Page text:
ESA's ATV -2

Not open for further replies.


From ... h_999.html

The second of ESA's ATV automated cargo craft has been cleared for shipping to the launch site in Kourou. Its launch on an Ariane 5 to the International Space Station is scheduled for late this year.
ATV-2, named after German astronomer and mathematician Johannes Kepler, has undergone extensive system testing at EADS Astrium's site in Bremen, Germany, over the last few months and has now been given the go-ahead for shipping.

It will be dispatched to Europe's Spaceport in Kourou, French Guiana in several sections, accompanied by 59 containers with test equipment. In Kourou, it will be assembled and extensively tested before being loaded with cargo and fuelled. The launch is now planned for the end of 2010.

"After an internal review of ATV Johannes Kepler, we have given Astrium 'consent-to-ship', which is an important milestone," says Simonetta Di Pippo, ESA Director for Human Spaceflight.

"This demonstrates the ability of European industry under the lead of Astrium to provide the requested status of the vehicle on time and with the requested quality."

"When the US Space Shuttle retires, ATV will be the largest vehicle supplying the ISS. Considering its technological challenges, like automatic rendezvous and docking, ATV is the most sophisticated space vehicle ever built in Europe."

"The technology and experience gained with ATV are assets for Europe and its industrial competitiveness as well as a solid basis for further developments to position Europe among the leaders in the exploitation and exploration of space, in low Earth orbit and beyond," Di Pippo adds.

Mass-producing a cargo spacecraft

Johannes Kepler is the first ATV production unit, following the highly successful flight of the Jules Verne qualification model in 2008.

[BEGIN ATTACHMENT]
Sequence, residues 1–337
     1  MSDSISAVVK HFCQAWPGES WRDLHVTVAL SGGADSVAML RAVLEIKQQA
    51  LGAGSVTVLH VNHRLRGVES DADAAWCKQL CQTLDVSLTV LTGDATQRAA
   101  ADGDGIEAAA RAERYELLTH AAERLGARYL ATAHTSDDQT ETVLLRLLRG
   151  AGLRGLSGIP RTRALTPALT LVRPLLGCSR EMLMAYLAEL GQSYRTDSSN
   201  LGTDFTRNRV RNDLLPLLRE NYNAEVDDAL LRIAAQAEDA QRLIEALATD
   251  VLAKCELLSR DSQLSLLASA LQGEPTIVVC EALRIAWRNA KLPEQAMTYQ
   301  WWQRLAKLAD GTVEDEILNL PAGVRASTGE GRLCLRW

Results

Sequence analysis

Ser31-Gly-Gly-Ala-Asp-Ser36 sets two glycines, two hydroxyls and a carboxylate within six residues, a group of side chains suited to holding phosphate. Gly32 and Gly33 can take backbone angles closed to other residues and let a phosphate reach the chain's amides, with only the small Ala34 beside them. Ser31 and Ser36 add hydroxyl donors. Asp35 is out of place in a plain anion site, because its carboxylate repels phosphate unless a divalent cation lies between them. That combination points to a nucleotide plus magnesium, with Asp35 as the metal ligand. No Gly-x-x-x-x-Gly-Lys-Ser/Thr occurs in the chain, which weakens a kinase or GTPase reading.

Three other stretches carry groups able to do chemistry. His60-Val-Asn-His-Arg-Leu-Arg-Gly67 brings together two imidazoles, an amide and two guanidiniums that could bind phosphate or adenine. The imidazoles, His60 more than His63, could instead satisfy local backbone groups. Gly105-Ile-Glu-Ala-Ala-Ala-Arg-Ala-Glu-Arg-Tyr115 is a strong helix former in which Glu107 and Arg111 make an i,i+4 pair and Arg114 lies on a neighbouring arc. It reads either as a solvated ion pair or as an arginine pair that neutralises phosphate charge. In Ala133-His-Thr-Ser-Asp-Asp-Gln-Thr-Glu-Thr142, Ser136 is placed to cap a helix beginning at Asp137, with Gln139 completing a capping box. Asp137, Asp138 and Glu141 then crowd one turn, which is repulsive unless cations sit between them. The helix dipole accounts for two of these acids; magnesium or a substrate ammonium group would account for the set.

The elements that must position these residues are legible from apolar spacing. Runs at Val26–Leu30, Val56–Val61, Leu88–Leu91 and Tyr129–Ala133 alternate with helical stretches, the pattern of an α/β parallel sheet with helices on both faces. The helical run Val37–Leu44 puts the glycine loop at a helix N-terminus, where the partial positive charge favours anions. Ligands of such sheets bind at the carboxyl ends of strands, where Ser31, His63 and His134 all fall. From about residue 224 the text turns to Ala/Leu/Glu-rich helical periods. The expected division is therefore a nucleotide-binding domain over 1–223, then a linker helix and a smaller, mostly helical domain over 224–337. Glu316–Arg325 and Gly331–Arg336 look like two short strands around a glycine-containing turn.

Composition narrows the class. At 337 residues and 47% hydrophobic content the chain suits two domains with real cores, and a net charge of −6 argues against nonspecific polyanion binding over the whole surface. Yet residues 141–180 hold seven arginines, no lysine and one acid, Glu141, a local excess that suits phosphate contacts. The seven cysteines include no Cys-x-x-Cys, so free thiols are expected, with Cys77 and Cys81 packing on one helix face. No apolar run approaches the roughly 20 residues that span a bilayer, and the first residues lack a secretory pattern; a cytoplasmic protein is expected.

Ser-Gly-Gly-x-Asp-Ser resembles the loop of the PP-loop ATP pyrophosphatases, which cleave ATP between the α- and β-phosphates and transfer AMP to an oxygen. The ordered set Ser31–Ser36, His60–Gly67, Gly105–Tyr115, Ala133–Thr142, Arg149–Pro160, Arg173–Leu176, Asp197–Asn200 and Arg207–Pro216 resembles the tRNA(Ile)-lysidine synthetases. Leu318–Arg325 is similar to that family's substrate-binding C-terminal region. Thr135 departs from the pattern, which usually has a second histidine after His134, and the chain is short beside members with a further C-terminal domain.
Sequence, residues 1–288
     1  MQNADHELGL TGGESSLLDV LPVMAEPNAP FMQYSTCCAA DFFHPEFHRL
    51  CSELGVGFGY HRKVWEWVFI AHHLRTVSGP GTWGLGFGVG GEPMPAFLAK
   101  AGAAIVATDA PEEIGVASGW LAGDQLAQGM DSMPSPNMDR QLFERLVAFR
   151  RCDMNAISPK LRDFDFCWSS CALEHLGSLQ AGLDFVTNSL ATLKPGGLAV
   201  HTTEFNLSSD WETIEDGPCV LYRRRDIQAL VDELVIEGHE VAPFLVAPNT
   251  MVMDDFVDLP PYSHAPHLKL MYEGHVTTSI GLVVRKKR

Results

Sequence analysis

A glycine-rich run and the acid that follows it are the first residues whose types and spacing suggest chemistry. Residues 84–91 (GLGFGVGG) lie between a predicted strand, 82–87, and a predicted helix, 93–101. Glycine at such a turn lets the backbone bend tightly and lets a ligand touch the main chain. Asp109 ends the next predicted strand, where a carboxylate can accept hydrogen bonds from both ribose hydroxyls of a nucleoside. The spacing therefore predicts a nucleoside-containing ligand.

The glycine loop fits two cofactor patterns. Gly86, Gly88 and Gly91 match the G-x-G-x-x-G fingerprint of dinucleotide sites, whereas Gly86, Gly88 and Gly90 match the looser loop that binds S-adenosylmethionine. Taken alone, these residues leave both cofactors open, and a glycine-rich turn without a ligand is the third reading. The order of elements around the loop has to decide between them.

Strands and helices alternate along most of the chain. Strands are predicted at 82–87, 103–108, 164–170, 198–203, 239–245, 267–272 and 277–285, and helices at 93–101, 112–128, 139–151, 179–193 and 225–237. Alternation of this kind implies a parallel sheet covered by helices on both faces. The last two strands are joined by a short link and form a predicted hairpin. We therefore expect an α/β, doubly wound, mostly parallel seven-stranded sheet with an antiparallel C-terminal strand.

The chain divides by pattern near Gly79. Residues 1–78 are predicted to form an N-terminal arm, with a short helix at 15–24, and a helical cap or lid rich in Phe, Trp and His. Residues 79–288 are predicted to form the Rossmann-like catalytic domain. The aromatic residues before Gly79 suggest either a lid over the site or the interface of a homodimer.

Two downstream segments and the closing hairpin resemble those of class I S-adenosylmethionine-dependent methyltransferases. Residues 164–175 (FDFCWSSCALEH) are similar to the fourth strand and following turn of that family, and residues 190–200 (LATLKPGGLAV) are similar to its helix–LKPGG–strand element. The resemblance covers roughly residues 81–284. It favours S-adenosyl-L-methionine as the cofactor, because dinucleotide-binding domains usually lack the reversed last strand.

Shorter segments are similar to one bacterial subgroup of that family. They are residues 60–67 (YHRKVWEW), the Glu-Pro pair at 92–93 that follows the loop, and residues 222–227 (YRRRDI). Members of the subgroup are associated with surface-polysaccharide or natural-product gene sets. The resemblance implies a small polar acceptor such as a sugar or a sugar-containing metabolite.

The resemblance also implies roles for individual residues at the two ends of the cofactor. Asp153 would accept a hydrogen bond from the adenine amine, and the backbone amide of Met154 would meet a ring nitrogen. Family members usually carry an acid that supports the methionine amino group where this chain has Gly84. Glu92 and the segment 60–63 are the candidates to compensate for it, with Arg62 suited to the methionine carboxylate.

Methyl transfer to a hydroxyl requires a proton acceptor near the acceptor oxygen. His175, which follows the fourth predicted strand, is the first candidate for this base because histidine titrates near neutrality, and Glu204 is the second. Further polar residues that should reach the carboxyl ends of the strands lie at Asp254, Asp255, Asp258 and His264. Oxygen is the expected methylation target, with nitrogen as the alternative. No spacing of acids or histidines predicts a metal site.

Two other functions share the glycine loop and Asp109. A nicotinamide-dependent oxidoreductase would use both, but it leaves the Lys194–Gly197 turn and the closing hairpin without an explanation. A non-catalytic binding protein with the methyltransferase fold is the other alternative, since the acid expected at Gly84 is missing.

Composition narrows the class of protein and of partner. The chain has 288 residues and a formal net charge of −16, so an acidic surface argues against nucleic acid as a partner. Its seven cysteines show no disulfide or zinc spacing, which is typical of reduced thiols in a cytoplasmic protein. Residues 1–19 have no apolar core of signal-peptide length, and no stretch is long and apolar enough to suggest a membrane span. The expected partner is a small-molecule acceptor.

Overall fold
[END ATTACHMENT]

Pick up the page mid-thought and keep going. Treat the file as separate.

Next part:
Production of the following ATVs is on schedule. "The third ATV, named Edoardo Amaldi, has reached the integration stage in Bremen, and the integration of ATV-4 is set to start shortly," says Dr Michael Menking, Senior Vice President of Orbital Systems and Space Exploration at Astrium. An ATV will be built about every year.

Astrium GmbH is responsible for both developing and building the ATVs for ESA.

Big and intelligent vessel

ATV must comply with the stringent safety requirements for human spaceflight. A fault-tolerant, triple-redundant computer ensures a reliable and smooth mission.

ATV can deliver up to 7 tonnes of cargo to the Station, including food, drinking water, gases, research equipment and propellants.

ATV is also responsible for regularly boosting the Station's orbit to around 400 km, and occasionally manoeuvres the complex to avoid collisions with space debris.

Once its mission is over, ATV is loaded with waste, undocked and incinerated during controlled reentry into the atmosphere.

ESA is studying a reusable Advanced Reentry Vehicle (ARV) based on ATV. Astrium is looking at the requirements for transporting freight to the Station and back to Earth. Once the Shuttle retires, there will be very limited capacity for bringing back materials from space. Russia's manned Soyuz capsules cannot return more than a few kilograms, so ARV or some other new vehicle is needed


I used to have an old thread on ATV-2, but it's been so long better just to leave this one on it's own. Thanx for the update!!



Yes! thanks for the update!

Now question to Nasa and all space enthusist. Why didnt we build something like this?

Oh weight...nm......they start with a S and a C respectively.

Yes im in a bitter mood today.......ive run out of food and wont get payed for a week :(


Well, before this both the Russians and Europeans were trying to build their own shuttles. The shuttles have only gotten a bad rep. now because, well, it exploded, twice. But now they seem to say that they've sorted all the problems out and the shuttle is safe to fly.

I don't actually think the shuttle is a poor system compared to any other, I've read others state that the actual launch isn't unreasonably expensive. It's all the support around it that is expensive, and govt. agencies do that kind of thing.

NASA is a jobs program, everybody knows it and neither is it anything special for any other industrial area that the government funds. So whats the big deal? It wouldn't matter what system there was, it'll cost just as much because NASA won't fire anybody, since its a jobs program.
Not open for further replies.

Latest posts